This is the definition of a chic-lit novel but having read a good few of Liane's books prior to this, I still went in with high hopes. Sadly, it kinda fell flat. The story was well written and though unrealistic at times, enjoyable. My problem was with how insufferable our main three women were. They were selfish, whiny, and I honestly couldn't care less what happened to them. I expected more from the author who brought us Big Little Lies.
Rating: ★★★


Subject: Charms
Grade: A
Prompt: Read a book that you think has a gorgeous cover.
The Goldfinch 
by Donna Tartt

“Caring too much for objects can destroy you. Only—if you care for a thing enough, it takes on a life of its own, doesn’t it? And isn’t the whole point of things—beautiful things—that they connect you to some larger beauty?”

When an explosion in a museum kills his mother, 13-year-old Theo finds himself still standing, concussed, with the notorious painting The Goldfinch in his bag. Worth millions and mourned for by the art world, the teenager doesn't know how to go about returning it. In this book by the author of The Secret History, we follow Theo as he becomes a man and the trails that goes hand-in-hand with ageing.

This is one hefty book, with an even heftier story. The writing was beautiful, I devoured Donna Tartt's way of describing near about everything. Which is good, as she does describe literally everything that Theo comes into contact with. I vastly preferred the first third of this 500+ page novel, as the last portion dragged at times. Though I think that's to be expected. The characters were written wonderfully and I found myself truly caring for Theo - even when he was being a complete dumbass. If you enjoy literary fiction that's been made to be all pretty in the writing, then pick this up. If over writing bothers you, run like hell.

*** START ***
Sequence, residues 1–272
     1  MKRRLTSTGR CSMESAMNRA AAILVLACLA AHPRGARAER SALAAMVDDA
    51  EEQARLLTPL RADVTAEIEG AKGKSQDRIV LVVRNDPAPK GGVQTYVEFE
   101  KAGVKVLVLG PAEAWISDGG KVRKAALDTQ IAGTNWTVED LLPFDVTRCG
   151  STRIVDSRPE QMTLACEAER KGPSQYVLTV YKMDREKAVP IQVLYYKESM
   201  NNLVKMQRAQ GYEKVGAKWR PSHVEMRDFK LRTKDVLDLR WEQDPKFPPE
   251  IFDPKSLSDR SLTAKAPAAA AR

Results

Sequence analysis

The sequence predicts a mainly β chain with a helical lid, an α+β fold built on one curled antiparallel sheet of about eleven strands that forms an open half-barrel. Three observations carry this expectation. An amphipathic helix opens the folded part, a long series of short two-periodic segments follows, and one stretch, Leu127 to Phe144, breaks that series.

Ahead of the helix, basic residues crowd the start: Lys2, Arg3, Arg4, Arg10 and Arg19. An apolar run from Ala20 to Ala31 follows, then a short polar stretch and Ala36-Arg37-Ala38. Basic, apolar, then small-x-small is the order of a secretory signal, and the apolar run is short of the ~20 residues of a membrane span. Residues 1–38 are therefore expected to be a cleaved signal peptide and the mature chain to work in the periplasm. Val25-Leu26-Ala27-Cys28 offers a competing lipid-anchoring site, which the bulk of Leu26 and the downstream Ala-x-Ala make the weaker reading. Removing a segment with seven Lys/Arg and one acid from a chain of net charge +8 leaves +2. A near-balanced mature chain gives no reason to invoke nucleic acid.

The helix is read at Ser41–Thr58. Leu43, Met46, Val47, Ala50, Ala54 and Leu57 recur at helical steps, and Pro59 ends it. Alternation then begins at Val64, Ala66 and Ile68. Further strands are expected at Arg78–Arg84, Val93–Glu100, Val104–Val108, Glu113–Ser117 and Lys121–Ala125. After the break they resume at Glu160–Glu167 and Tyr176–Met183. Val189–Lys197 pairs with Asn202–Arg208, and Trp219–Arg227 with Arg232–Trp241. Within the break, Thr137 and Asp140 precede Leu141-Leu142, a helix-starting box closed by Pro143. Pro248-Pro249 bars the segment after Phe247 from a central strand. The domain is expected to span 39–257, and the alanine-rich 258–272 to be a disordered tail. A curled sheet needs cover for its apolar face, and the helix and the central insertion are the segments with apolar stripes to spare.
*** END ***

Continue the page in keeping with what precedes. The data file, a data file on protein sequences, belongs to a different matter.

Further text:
Rating: ★★★★★


Subject: Charms
Grade: E
Prompt: Read a comic/graphic novel/manga (or a book under 150 pages).
Chi's Sweet Home Vol. 2 
by Kanata Konami

When Chi is found wandering the world with no place to go, he gets taken in to live with the Yamada's. In this second volume of the story, Chi has gotten comfortable with his new family so curiosity and making his own opinion ne heard now comes naturally to him. How naughty can a little kitten be?

This is the first manga series I've read, and it is adorable. Who doesn't love illustrated cats getting up to no good?
Rating: ★★★★★


Subject: Defence Against the Dark Arts
Grade: A
Prompt: Read a book that's black under the dust jacket.
Coraline 
by Neil Gaiman

“Fairy tales are more than true: not because they tell us that dragons exist, but because they tell us that dragons can be beaten.”

Like any young girl, Coraline is a curious child. She loves to spend her days exploring the garden of her home, finding new adventures to occupy her mind. When a door that 'leads to nowhere'  in her house suddenly opens, she gets sucked into a world of terror that may keep her from ever returning home.

I just don't think I like Neil Gaiman's style of writing. I know, the controversy! This book was okay, not great, not terrible.. just, okay. I didn't get swept up into the world, the illustrations didn't keep me interested, and the characters didn't hold my interest. What author can you just not get into?
Rating: ★★★


Subject: Defence Against the Dark Arts
Grade: E
Prompt: Gilderoy's memory charm - (grab a pen!) first book you remembered just now from your TBR.
A Man Called Ove 
by Fredrik Backman

“People said Ove saw the world in black and white. But she was color. All the color he had.”

Ove has a routine that help define his days. He wakes up, makes coffee - real coffee, not the hipster type people drink nowadays, goes on his morning neighbourhood check, goes to work, comes home, eats a dinner of meat and potatoes, goes to bed. It's a routine that works. But when he suddenly becomes unemployed, everything is thrown into shambles. He wants to die. But when a new strange family moves in on the street and continuously gets in his way, his story takes an unexpected path.